The Ophthalmoscope: Peter A. Callan in America in 1894 combined the model of an ophthalmoscope by August Roth (1858-1930) with the last by Edward Greenly Loring (1878) and published this in 1894.
Dr. Callan was a contemporary of Dr. Roth and his instrument is similar in construction. The main interest of this non-luminous ophthalmoscope is the internal mechanism, which is unseen. The operator rotates the lower wheel to change the lenses which range in power from 1D to 24D in one Dioptre steps in both the plus and minus. Additionally a plus 0.50D lens can be introduced directly behind the aperture of the mirror by pulling on a vertical column and holding it in position. The ophthalmoscope has a single Loring type concave mirror, which can be tilted left and right.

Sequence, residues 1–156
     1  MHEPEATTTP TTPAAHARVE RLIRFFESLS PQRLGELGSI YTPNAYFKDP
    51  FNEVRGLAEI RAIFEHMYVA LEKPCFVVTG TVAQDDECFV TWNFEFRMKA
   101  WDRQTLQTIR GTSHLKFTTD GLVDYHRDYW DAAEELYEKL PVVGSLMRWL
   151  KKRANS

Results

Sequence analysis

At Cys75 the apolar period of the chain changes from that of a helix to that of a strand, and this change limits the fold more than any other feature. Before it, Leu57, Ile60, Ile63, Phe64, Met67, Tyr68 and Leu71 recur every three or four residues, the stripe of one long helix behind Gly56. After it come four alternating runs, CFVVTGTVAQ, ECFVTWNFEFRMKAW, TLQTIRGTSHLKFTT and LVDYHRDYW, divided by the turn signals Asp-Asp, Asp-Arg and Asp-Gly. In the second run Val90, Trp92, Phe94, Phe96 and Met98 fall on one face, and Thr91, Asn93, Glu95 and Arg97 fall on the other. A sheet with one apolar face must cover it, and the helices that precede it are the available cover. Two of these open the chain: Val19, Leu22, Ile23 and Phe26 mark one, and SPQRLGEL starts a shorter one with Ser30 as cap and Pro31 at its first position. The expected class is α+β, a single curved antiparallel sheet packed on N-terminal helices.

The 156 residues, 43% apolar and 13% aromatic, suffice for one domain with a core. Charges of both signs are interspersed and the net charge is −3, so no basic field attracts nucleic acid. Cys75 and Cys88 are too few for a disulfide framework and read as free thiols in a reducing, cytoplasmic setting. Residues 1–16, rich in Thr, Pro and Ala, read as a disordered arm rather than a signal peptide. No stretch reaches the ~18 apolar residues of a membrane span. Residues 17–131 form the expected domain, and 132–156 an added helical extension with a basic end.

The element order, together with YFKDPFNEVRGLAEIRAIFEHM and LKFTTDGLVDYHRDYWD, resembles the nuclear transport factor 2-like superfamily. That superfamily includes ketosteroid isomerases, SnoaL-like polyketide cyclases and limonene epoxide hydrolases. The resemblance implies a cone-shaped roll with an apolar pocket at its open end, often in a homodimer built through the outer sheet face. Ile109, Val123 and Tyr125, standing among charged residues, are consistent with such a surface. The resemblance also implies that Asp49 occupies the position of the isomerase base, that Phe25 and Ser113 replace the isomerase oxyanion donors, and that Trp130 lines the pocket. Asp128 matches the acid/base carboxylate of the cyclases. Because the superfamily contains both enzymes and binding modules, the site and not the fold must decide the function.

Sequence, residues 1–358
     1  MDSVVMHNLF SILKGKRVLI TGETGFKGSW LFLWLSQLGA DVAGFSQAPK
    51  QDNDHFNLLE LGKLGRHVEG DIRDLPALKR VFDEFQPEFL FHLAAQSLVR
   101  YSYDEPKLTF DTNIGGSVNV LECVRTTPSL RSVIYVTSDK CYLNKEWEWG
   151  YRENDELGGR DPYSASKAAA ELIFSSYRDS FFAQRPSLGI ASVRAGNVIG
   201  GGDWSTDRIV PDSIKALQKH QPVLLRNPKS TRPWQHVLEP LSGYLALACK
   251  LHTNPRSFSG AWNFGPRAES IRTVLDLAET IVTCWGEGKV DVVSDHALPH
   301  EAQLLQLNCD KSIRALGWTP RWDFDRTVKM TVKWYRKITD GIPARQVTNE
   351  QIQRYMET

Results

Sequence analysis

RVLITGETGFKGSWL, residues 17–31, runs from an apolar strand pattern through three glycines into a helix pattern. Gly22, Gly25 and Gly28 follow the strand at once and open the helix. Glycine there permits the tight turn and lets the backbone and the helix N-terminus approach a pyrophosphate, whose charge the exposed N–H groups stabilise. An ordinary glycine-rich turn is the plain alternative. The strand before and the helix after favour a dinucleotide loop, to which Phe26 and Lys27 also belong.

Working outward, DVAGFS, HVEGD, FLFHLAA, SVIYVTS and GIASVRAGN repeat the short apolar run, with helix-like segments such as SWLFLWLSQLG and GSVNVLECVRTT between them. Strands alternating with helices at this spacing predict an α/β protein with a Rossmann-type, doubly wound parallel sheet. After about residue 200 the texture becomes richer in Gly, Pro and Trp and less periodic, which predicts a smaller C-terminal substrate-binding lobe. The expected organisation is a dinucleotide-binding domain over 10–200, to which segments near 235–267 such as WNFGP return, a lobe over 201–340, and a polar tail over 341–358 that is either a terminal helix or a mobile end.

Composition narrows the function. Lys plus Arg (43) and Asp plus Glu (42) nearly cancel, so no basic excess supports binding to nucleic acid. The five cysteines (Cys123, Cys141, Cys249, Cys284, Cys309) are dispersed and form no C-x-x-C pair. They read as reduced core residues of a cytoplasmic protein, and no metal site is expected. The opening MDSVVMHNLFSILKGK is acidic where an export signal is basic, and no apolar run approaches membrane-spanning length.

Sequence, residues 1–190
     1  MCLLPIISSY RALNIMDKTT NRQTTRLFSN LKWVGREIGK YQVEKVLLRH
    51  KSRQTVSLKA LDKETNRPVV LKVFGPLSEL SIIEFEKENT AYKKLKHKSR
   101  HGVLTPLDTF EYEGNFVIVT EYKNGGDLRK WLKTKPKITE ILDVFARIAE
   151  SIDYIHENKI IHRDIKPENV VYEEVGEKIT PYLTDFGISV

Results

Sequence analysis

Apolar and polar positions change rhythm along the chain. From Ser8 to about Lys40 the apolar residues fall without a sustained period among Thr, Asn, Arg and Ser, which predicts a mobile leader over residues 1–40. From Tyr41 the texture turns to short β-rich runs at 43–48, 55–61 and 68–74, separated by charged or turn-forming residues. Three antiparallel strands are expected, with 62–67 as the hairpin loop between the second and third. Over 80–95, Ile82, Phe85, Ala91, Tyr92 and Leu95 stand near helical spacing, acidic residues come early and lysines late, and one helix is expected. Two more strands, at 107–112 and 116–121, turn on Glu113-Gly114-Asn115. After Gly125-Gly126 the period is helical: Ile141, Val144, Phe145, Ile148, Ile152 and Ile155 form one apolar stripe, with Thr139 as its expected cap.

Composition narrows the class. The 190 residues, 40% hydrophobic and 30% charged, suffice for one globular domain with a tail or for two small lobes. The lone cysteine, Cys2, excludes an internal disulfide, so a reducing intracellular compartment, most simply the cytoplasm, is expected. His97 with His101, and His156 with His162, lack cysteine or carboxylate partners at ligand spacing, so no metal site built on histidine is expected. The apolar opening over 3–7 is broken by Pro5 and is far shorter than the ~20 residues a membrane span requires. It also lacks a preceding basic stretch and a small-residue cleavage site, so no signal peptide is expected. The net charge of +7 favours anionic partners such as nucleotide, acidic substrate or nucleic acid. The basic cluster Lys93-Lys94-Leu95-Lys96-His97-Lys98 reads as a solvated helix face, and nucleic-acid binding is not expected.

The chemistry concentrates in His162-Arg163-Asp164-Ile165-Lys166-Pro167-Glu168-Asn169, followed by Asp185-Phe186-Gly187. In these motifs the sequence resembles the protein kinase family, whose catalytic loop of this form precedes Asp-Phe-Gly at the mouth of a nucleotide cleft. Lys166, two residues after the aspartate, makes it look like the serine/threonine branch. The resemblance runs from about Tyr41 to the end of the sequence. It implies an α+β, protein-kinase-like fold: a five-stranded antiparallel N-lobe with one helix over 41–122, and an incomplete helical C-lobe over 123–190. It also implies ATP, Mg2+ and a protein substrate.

"United States Census, 1860," database with images, FamilySearch (https://familysearch.org/ark:/61903/3:1:33SQ-GBS6-93Q4?cc=1473181&wc=7Q3... : 24 March 2017), New Jersey > Essex > 7th Ward Newark City > image 76 of 207; from "1860 U.S. Federal Census - Population," database, Fold3.com (http://www.fold3.com : n.d.); citing NARA microfilm publication M653 (Washington, D.C.: National Archives and Records Administration, n.d.).
 "United States Census, 1870," database with images, FamilySearch (https://familysearch.org/ark:/61903/3:1:S3HT-6LZS-V5T?cc=1438024&wc=92KF... : 13 June 2019), New Jersey > Essex > Newark, ward 07 > image 131 of 302; citing NARA microfilm publication M593 (Washington, D.C.: National Archives and Records Administration, n.d.).
 The Boston Herald, 5 October 1932.
 C. Richard Keeler, ‘The Ophthalmoscope in the Lifetime of Hermann von Helmholtz‘ in Arch Opthalmol, Vol 120, Feb 2002.
 A. Schett, C.R. Keeler, The Ophthalmoscope. P. 81.